The Future of Christian Learning

An Evangelical and Catholic Dialogue

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"Both [Noll and Turner] provide Catholic and evangelical teacher-scholars, deans, provosts, presidents, and trustees with useful insights and provocative suggestions."--Carlos Campo, Religious Studies Review

Numerous recent studies have broadly examined topics related to Christian higher education and the role of faith in scholarship, particularly in light of contemporary trends of secularization. This volume offers a unique approach to the subject with two prominent historians reflecting on their own and each other's traditions.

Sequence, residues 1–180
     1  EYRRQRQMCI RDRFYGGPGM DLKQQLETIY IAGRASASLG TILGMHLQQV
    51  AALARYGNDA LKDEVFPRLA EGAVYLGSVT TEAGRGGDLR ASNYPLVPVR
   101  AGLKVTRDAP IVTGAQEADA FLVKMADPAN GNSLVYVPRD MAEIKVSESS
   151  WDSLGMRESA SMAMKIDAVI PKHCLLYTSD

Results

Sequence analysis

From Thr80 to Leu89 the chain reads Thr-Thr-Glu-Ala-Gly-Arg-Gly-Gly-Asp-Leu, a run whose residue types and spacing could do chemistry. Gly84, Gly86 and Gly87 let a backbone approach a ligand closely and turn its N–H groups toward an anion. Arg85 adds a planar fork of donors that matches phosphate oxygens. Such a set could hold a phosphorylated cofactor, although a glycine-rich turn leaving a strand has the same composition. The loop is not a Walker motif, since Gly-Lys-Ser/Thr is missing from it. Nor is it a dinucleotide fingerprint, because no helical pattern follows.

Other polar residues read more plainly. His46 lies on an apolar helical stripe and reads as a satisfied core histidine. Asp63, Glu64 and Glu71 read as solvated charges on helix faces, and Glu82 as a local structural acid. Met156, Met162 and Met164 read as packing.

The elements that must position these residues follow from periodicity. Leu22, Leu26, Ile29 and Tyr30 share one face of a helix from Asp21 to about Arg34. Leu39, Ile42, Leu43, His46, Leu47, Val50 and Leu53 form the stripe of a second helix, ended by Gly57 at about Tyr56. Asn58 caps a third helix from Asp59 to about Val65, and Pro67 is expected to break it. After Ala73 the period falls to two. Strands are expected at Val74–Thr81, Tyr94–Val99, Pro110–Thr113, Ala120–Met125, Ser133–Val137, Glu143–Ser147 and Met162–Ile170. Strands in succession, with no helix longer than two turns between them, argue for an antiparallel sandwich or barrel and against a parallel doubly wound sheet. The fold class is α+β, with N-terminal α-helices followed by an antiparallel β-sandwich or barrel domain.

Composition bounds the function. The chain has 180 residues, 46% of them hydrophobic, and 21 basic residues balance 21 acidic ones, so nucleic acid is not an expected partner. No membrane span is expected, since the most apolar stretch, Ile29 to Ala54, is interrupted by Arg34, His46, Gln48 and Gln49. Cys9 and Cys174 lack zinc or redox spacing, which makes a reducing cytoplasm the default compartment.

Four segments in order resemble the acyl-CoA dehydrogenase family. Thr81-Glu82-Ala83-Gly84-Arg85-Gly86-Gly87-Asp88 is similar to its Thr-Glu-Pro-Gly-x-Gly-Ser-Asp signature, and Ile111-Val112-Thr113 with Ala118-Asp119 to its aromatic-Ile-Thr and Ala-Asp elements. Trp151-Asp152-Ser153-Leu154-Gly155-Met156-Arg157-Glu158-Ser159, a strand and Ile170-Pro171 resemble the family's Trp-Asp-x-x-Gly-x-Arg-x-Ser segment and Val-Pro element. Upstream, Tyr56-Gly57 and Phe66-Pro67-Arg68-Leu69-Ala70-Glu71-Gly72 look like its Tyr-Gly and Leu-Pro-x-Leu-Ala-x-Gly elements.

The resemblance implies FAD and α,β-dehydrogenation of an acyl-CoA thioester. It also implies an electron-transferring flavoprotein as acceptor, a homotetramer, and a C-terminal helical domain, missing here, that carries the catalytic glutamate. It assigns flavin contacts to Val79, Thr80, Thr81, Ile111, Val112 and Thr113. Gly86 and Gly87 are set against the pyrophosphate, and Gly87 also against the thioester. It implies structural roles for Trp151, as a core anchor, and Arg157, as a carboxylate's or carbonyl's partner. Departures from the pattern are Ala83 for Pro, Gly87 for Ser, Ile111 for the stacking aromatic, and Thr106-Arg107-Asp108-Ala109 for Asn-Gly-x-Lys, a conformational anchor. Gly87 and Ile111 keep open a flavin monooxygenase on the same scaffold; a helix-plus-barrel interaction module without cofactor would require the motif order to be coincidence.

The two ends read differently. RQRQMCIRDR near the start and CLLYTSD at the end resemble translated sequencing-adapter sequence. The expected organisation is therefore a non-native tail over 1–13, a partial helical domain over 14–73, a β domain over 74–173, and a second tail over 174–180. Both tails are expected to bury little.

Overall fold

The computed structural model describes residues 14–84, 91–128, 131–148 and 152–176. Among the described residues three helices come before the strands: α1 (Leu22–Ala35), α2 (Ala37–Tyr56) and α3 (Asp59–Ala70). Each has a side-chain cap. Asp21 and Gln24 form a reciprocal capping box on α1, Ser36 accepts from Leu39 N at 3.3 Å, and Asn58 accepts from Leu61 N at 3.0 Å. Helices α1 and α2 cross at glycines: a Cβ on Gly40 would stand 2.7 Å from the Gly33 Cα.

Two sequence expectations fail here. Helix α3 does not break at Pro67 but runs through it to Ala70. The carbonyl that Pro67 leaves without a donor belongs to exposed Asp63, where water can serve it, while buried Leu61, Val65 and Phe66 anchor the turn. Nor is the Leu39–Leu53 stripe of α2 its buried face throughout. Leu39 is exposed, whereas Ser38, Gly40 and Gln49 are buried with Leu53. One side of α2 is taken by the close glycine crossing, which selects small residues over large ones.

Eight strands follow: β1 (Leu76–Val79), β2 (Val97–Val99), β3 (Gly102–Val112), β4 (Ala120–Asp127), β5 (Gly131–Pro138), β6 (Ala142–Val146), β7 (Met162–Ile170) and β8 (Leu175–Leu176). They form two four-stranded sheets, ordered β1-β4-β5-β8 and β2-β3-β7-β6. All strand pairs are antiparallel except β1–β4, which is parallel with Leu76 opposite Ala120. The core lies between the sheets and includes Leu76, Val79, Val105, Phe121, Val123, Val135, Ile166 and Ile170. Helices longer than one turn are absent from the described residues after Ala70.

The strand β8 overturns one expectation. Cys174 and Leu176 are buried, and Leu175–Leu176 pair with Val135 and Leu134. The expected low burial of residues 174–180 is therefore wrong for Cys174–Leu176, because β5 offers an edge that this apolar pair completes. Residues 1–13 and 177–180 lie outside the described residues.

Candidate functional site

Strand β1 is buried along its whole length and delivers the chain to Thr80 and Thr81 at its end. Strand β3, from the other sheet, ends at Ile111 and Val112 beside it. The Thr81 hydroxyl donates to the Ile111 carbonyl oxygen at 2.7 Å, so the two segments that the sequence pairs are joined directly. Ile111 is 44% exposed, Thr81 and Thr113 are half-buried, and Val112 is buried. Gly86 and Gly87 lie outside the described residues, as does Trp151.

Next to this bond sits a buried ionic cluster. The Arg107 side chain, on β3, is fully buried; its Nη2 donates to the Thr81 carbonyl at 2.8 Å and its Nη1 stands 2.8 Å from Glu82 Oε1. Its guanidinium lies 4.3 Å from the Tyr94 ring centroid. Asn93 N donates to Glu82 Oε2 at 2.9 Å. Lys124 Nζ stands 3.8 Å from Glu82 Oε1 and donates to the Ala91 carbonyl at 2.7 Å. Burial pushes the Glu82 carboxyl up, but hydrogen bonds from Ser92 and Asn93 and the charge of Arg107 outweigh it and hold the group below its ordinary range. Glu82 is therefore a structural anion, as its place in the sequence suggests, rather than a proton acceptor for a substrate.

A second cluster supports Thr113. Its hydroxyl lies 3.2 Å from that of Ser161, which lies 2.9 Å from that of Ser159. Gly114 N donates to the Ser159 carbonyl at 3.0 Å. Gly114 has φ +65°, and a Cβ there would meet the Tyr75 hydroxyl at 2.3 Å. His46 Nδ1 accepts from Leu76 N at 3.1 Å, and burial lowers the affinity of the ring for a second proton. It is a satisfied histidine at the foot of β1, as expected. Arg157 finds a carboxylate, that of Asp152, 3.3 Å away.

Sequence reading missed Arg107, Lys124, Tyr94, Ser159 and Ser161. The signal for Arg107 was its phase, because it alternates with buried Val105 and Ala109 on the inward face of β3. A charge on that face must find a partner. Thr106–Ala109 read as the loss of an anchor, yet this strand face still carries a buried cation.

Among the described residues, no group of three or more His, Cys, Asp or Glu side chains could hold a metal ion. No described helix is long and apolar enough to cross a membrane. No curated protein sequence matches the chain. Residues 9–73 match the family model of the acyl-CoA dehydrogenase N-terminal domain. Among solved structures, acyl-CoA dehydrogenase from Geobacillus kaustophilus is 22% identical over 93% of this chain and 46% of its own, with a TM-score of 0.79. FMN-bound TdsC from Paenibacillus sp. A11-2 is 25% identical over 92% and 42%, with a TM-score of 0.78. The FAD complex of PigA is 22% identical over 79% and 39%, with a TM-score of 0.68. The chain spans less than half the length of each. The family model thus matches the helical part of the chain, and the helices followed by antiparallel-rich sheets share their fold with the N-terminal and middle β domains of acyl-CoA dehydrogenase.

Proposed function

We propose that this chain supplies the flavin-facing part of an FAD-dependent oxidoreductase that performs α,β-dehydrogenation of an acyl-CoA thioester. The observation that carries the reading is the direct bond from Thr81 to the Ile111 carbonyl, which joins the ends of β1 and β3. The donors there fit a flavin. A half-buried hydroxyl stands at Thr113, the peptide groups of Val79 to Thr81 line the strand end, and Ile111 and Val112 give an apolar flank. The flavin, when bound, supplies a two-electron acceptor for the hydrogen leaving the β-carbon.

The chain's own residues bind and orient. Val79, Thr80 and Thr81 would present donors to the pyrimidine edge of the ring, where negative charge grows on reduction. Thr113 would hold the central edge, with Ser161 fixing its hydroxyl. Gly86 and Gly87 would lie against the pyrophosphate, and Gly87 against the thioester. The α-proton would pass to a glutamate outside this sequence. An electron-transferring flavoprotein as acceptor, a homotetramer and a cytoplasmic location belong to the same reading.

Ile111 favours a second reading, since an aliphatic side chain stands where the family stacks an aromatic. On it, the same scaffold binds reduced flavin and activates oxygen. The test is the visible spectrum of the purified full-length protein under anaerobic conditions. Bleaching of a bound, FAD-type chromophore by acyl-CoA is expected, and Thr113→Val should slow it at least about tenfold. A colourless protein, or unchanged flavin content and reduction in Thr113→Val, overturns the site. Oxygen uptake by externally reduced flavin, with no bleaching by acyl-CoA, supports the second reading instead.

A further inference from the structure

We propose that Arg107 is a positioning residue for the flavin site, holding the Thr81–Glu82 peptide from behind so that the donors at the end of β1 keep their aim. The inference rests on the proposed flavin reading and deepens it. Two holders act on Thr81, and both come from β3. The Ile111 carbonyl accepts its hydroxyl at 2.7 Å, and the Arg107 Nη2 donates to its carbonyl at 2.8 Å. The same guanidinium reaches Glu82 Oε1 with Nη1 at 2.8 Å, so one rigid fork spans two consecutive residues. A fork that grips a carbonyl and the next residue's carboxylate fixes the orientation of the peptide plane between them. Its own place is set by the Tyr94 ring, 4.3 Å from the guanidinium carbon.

Evangelicals and Roman Catholics have been responsible for the establishment of many colleges and universities in America, but they have historically taken markedly different approaches to education and viewed one another's efforts with some suspicion. Recent years, however, have seen the development of a more cooperative tone. In this volume, Mark Noll and James Turner offer candid reassessments of the strengths and weaknesses of each tradition.

Taking two distinct but complementary approaches to the subject, Noll and Turner provide enlightening essays that reconsider the present state of Christian learning, what the two most influential sections of American Christianity have to offer one another, and how they might learn from each other. The two authors then respond to one another's essays.

The insightful dialogue of these two influential scholars will be of great interest to anyone involved in higher education or concerned with the role of Christian faith in the modern university.